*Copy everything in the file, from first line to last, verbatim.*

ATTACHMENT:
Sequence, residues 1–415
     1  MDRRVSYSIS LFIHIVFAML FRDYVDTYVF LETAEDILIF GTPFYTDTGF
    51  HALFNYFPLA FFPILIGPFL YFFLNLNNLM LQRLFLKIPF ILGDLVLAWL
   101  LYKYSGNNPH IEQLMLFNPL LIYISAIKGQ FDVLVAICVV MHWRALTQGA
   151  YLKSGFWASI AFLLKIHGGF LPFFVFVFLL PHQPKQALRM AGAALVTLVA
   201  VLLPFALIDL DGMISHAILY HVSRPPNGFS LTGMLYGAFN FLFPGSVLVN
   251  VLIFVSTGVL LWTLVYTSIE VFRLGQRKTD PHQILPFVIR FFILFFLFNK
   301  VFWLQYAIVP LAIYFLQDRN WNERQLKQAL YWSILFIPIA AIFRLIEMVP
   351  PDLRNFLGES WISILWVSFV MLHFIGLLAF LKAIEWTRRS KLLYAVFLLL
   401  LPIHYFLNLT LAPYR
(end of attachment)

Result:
Sequence, residues 1–415
     1  MDRRVSYSIS LFIHIVFAML FRDYVDTYVF LETAEDILIF GTPFYTDTGF
    51  HALFNYFPLA FFPILIGPFL YFFLNLNNLM LQRLFLKIPF ILGDLVLAWL
   101  LYKYSGNNPH IEQLMLFNPL LIYISAIKGQ FDVLVAICVV MHWRALTQGA
   151  YLKSGFWASI AFLLKIHGGF LPFFVFVFLL PHQPKQALRM AGAALVTLVA
   201  VLLPFALIDL DGMISHAILY HVSRPPNGFS LTGMLYGAFN FLFPGSVLVN
   251  VLIFVSTGVL LWTLVYTSIE VFRLGQRKTD PHQILPFVIR FFILFFLFNK
   301  VFWLQYAIVP LAIYFLQDRN WNERQLKQAL YWSILFIPIA AIFRLIEMVP
   351  PDLRNFLGES WISILWVSFV MLHFIGLLAF LKAIEWTRRS KLLYAVFLLL
   401  LPIHYFLNLT LAPYR